Since we have moved to using local composer packages for addons, composer has created symlinks from the vendor folder to the actual source (such as vendor/kounta/adjustmentsaddons/adjustments).

This works well from an application standpoint since there is still only one real copy of the files.
However, PHPStorm does not like this at all. There is still an open issue for it.

PHPStorm will index both the original folder and the contents of the symlink and produce a "class defined in multiple locations" error.

This warning can be disabled:

Unfortunately this is not the end of the story. When command+clicking on a class name it will still present you with a list of two locations for the class, or when looking up files you will still see both (one will be disabled and readonly). There needs to be a better way.

Most of the ways that you would normally go about fixing this do not work, these include:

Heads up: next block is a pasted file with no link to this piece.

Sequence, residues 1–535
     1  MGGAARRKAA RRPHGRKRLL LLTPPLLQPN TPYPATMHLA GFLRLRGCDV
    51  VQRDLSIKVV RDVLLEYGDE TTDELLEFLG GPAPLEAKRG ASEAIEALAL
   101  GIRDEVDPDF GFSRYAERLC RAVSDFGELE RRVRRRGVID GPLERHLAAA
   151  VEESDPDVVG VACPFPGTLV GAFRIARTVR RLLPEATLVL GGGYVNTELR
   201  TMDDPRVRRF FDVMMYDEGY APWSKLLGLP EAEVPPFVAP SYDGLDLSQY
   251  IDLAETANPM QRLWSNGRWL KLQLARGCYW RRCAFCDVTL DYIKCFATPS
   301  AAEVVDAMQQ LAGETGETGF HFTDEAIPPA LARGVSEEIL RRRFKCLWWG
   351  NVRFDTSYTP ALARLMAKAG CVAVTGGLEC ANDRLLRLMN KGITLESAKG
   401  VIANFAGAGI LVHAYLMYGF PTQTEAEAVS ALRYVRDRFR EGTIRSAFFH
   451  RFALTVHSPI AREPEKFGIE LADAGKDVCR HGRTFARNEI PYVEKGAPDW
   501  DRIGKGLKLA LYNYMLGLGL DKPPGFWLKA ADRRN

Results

1. Marking the individual symlink folders in the vendor folder as Excluded. For some reason PHPStorm ignores this.
  2. More drastically ignoring the whole vendor/kounta folder as Excluded also does not work.

So what's really happening?

The problem cannot be simply suppressed because PHPStorm gives special attention to folders that are considered a library root.

Since PHPStorm has inbuilt support for composer it will automatically mark all of the appropriate folders inside the vendor as a library root. This works great for code completion (we want this!) but doesn't work when symlinks are thrown in to the mix.

The only stable solution for this is to explicitly tell PHPStorm that specific folders are not library roots. They must be removed in the Languages & Frameworks > PHP:

Usually library roots are not in any specific order. If you have many vendor libraries it's a good idea to sort them with the button at the bottom:

Once you have removed the library roots for the symlinked folders you should be good to go!

The vendor folder will show the excluded folders in red (just as it looks when the folder is excluded by a different means) but now it's actually doing what it's supposed to.\

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